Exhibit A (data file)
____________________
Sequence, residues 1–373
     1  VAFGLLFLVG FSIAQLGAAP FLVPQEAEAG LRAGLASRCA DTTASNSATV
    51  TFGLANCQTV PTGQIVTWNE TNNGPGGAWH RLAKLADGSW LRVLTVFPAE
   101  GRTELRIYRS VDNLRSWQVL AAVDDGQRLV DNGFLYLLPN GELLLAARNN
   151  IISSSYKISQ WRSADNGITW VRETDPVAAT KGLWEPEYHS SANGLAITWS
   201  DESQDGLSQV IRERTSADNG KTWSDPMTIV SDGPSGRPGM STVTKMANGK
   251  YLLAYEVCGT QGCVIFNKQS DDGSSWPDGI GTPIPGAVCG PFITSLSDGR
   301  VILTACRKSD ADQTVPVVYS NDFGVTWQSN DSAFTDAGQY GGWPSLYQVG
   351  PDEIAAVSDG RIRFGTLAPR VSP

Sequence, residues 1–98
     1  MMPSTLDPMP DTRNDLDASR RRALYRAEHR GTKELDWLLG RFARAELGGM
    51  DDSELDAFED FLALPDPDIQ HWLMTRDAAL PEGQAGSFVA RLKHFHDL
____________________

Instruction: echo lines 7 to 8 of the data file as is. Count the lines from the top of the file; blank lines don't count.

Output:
   251  YLLAYEVCGT QGCVIFNKQS DDGSSWPDGI GTPIPGAVCG PFITSLSDGR
   301  VILTACRKSD ADQTVPVVYS NDFGVTWQSN DSAFTDAGQY GGWPSLYQVG